So apparently, the dinosaurs are extinct. That’s not really news of course (time to let it go, Nessie fans). But what is making the news is some new research about how those terrible lizards ended up shuffling off this mortal coil en masse.
There is quite good geological evidence that some kind of massive catastrophic event occurred around 65 million years ago, pretty much around about the same time that dinosaurs stopped appearing in the fossil record. Most kids today will tell you that this was caused by a large asteroid (a theory known as the Alvarez impact hypothesis), but some scientists argue with these kids and believe instead that those geological remnants are not inconsistent with multiple asteroidal impacts, or perhaps with the world’s biggest volcano going ‘pop’ (or something).
A dinosaur earlier this year. Obviously.
But today we saw reports offering an alternative theory. Continue reading “Headline-spectrum of the day: Dino-apocalypse by ‘wind’”
Reiki is a complementary therapy in which a therapist’s hands are placed on — or simply near — a patient’s body, with the intention of redirecting what are purported to be vital energy flows in order to enhance the patient’s physical health and well-being. The main problem with Reiki is that no evidence for the existence of such energy flows has ever been found, rendering claims that therapists can redirect them using their hands (without even touching the patient) immediately implausible. Unsurprisingly, the evidence for any medicinal effect for Reiki is sorely lacking. In reality, Reiki involves a lot of lying down, relaxation, and nice interactions with a Reiki practitioner, and as such has acquired a reputation for making people feel pleasant (as would any regime of rest, relaxation, and gentle social interaction). So what’s the problem? Well, the problem is that proponents also claim that Reiki should have a role in cancer treatment. Yes, cancer treatment. Continue reading “Reiki, cancer, and the problem of informed consent”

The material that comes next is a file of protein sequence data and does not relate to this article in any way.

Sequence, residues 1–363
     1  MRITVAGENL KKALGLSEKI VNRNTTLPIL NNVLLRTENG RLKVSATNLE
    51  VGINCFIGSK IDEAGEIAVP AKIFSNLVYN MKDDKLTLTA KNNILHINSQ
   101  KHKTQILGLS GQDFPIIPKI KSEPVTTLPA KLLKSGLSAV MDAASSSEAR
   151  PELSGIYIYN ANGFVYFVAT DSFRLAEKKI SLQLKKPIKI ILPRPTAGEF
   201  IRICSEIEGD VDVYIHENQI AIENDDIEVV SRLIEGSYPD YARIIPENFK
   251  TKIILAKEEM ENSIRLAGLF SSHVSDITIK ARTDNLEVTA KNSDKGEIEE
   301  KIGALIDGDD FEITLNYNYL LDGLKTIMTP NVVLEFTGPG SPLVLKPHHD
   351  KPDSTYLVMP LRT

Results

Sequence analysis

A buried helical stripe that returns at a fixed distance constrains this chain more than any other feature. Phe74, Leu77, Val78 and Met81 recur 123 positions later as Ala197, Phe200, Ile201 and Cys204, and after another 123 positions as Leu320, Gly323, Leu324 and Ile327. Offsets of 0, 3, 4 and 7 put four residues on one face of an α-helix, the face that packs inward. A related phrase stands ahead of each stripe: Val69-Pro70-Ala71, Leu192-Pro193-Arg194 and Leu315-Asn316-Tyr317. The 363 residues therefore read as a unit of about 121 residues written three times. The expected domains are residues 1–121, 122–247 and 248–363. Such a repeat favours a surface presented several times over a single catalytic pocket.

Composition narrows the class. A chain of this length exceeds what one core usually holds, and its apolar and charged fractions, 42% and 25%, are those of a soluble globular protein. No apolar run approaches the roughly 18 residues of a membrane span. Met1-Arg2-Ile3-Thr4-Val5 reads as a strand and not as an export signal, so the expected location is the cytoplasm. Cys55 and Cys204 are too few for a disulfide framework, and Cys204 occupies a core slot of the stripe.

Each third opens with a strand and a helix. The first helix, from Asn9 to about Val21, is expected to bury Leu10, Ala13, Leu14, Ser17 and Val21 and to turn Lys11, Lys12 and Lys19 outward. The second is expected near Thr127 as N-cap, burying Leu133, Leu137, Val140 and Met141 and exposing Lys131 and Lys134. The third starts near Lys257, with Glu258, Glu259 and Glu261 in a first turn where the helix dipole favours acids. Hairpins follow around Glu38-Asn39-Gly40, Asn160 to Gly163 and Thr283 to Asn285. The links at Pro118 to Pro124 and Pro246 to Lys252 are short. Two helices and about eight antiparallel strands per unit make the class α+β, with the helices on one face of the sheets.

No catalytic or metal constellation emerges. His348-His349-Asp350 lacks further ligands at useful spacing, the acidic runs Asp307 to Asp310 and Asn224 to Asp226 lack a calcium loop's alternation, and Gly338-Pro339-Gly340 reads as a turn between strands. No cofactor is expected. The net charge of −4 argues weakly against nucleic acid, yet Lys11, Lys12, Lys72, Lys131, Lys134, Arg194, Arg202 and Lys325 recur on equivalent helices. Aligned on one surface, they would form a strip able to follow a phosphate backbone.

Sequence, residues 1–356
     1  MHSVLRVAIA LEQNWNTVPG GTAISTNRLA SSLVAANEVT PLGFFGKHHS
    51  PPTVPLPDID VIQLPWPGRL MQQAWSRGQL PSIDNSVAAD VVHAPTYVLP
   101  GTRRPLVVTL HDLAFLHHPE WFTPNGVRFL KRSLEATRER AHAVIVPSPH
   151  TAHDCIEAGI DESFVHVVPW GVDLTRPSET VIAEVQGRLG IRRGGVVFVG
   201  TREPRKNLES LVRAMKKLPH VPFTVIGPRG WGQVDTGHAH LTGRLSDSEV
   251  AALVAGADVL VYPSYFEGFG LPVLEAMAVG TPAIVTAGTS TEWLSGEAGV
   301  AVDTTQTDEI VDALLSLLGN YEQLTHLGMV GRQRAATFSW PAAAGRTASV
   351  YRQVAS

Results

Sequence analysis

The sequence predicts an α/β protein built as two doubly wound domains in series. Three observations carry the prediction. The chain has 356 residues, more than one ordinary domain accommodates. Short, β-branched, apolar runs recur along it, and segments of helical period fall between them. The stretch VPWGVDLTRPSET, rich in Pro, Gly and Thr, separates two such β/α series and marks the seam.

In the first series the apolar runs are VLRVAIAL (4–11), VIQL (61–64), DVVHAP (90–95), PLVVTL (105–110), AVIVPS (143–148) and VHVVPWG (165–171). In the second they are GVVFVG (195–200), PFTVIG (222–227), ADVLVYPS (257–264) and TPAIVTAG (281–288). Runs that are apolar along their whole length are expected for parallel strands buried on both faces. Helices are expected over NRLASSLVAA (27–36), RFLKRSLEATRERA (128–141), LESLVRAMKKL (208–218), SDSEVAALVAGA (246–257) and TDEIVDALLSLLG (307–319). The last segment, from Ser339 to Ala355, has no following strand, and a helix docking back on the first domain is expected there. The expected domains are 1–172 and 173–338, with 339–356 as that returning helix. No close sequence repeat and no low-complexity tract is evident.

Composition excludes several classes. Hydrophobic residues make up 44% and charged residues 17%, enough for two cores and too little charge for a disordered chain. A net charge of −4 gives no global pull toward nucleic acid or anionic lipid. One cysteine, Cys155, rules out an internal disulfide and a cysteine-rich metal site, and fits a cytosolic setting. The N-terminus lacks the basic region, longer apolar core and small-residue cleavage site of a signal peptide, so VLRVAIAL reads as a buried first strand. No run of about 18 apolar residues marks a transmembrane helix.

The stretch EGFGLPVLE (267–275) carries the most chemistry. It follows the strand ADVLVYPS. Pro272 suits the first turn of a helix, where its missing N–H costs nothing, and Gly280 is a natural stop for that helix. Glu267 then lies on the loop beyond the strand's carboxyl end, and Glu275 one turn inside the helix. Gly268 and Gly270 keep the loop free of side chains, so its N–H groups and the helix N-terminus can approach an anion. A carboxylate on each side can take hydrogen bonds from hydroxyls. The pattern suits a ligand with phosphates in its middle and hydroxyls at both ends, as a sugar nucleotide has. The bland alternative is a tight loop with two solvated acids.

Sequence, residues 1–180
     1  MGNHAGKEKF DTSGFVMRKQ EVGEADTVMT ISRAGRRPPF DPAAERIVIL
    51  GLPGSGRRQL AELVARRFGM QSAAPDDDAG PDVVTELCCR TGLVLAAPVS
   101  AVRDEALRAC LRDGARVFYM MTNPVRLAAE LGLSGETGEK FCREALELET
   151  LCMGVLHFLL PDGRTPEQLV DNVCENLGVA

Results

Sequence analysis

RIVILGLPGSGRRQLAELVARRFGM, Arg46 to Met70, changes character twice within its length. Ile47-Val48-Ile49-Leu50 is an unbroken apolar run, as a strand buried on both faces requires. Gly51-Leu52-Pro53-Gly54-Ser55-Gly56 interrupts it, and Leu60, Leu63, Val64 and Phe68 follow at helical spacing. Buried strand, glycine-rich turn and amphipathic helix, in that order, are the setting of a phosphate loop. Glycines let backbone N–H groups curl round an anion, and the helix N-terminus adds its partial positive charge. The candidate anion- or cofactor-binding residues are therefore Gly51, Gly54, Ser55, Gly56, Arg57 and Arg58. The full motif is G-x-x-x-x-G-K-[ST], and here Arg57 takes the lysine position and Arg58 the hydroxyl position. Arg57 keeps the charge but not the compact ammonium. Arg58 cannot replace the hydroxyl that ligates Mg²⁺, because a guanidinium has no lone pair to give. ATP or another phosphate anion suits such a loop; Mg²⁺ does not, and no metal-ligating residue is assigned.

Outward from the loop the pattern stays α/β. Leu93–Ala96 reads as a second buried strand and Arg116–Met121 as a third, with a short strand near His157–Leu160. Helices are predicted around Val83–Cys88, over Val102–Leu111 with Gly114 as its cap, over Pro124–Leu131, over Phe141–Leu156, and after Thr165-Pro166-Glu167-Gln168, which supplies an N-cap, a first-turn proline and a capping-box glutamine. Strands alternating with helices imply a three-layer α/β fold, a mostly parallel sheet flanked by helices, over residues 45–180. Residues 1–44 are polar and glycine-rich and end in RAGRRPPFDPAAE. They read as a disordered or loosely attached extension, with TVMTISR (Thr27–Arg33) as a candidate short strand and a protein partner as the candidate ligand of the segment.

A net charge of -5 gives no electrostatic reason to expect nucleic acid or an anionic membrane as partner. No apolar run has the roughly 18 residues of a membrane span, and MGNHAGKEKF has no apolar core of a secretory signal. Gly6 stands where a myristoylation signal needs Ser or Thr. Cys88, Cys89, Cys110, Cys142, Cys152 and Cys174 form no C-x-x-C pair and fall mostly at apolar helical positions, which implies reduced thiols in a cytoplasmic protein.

Last week, the news agency Agence France-Presse (AFP) issued a press release with the title, “Rightwing candidates are better looking, says study”. The item described a study conducted by Swedish and Finnish economists in which 2,500 non-Finns rated 1,357 Finnish election candidates for attractiveness. The authors identified two main conclusions. Firstly, right-wing candidates were rated as being more attractive than left-wing candidates. And secondly, candidates rated as more attractive (who were mainly right-wing) were found to have received more votes. The press release was picked up and reported by a wide range of news outlets, including the Independent (London), the Daily Mail, the Wall Street Journal, Discovery News, the Albuquerque Express, The National (Abu Dhabi), the Times of Malta, the Ottawa Sun, and many more. It’s too bad then that: (a) the study has not been published in a peer-reviewed academic journal; and (b) its main findings are almost certainly unreliable. Continue reading “Right-wingers are better looking, study doesn’t show”